Report Actions for Report Server in SharePoint Mode

Report actions are an Analysis Services extensibility mechanism that lets end users run a Reporting Services report as they browse the cube. A customer reported that they have trouble setting up a Reporting Services action for a report server configured in a SharePoint integrated mode – a scenario which appears that wasn’t tested properly by Microsoft.

First, the customer wanted to pass multiple parameters to the report. This was achieved by setting up the report action Target Type to Cells and Target Object to All Cells. This setup allows the user to right-click any cell on the cube to initiate the action. What’s more important is that an action-capable browser, such an Excel, will be able to collect the coordinates of all dimensions used in the browser, such as those added to the filter area, so you can pass them as parameters to the report.


A condition is further specified to restrict the action. Because the cube browser will be passing three parameters to the report, the condition enables the action only if the corresponding members’ current member is not the All member.

This is where things get interesting. You need to specify the server name and report path. Instead of pointing to the report server, you should point to the SharePoint library using the syntax that Prash Shirolkar from the Reporting Services explains in his blog. I haven’t tested this but I’d expect that if you reference the report server, the report will use the report definition copy on the report server and not the one stored in SharePoint. Recall that the latter is the master copy of the report definition and the one in the report server might be outdated. However, when you reference the SharePoint library, you’ll find that Analysis Services doesn’t prefix the parameters with rp:, which in turn makes the report server ignores the parameters. The ultimate hack is to prefix the parameters yourself:


Here, the server name is set to the SharePoint site URL. I’ve found that actually it doesn’t matter where you break the URL to server name and report path. SSAS will concatenate them, so I could have set the server name to elite only and moved the rest of the URL to the Report Path line. Also, notice that you don’t use http: as in http://elite/sites/reports. SSAS will add the protocol for you.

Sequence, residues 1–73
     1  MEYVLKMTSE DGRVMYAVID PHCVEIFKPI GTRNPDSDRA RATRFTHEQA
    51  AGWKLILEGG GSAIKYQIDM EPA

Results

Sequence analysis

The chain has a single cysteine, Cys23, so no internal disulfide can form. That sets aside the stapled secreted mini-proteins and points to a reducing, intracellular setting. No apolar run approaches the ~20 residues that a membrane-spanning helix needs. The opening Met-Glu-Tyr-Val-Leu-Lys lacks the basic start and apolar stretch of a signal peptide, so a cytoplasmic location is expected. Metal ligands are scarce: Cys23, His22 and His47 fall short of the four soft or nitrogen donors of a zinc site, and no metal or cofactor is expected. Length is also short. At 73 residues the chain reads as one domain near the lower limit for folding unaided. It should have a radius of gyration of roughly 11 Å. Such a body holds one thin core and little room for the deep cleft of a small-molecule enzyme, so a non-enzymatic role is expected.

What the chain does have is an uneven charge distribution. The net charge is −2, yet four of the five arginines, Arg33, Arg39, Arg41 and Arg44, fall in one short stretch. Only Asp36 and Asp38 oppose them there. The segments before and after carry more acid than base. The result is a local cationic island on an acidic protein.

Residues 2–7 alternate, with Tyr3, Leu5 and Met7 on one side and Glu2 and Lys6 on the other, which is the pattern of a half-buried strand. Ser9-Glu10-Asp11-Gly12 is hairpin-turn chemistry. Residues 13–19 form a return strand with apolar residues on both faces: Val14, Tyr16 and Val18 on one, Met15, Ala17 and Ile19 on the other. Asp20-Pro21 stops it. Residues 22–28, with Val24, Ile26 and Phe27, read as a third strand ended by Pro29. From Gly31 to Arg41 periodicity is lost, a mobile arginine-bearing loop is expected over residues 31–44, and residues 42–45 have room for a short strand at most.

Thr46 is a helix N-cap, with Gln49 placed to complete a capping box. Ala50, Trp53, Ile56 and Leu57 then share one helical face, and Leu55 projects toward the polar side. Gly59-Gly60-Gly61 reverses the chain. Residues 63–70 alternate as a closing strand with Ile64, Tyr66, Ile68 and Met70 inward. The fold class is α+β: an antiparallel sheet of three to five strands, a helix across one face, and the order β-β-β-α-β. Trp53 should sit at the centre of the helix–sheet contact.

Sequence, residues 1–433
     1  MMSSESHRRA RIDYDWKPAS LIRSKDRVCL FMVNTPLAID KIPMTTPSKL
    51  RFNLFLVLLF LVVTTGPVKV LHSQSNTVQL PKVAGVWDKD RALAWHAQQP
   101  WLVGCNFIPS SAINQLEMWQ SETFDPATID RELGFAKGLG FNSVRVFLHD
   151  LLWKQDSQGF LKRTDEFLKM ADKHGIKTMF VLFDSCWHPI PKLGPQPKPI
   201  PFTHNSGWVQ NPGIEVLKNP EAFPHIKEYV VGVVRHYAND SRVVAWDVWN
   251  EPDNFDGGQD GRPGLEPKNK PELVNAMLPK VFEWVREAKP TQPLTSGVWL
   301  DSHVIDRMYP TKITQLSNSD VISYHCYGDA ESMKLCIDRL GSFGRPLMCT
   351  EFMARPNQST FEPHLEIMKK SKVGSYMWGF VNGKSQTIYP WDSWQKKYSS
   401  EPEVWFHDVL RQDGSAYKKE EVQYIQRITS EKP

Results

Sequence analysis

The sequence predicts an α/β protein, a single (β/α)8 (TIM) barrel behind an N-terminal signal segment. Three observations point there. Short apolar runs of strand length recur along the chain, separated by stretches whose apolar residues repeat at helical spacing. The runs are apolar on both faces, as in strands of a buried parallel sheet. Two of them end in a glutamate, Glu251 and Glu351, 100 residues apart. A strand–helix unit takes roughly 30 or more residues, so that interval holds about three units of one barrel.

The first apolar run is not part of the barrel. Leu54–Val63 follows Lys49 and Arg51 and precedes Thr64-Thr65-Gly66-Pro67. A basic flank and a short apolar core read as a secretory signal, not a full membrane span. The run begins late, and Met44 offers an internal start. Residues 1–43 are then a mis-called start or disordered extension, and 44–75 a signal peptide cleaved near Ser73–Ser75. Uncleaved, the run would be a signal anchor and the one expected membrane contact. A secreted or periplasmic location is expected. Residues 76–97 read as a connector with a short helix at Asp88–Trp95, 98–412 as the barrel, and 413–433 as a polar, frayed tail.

Dundas Dashboard and PerformancePoint Comparison Review

Digital dashboards, also known as enterprise dashboards or executive dashboards, are rapidly rising in popularity as the presentation layer for business intelligence. The chances are that you’ve been asked to implement a dashboard to let management quickly ascertain the status (or “health”) of an organization via key business indicators (KPIs) and this task might seem daunting. This is where Dundas Dashboard can help.

As a leader in data visualization solutions, Dundas has given us great products that power many business intelligence solutions, including Microsoft Reporting Services and .NET charting. Its latest offering, Dundas Dashboard 2.5, lets you implement compelling dashboards quickly and easily. Since my career focus has been Microsoft Business Intelligence, I was curious to evaluate the capabilities of Dundas Dashboard and compare them with Microsoft PerformancePoint 2010.

Read the full review here.

Denali Forums

Microsoft launched SQL Server 11 (Denali) pre-released forums and is eagerly awaiting your feedback. Judging by the number of BI-related forums, one can easily see that BI will be a big part of Denali with major enhancements across the entire BI stack. Of course, not many questions to ask if we don’t have the bits yet to play with (CTP1 doesn’t include the BI stuff) but still you can start probing Microsoft.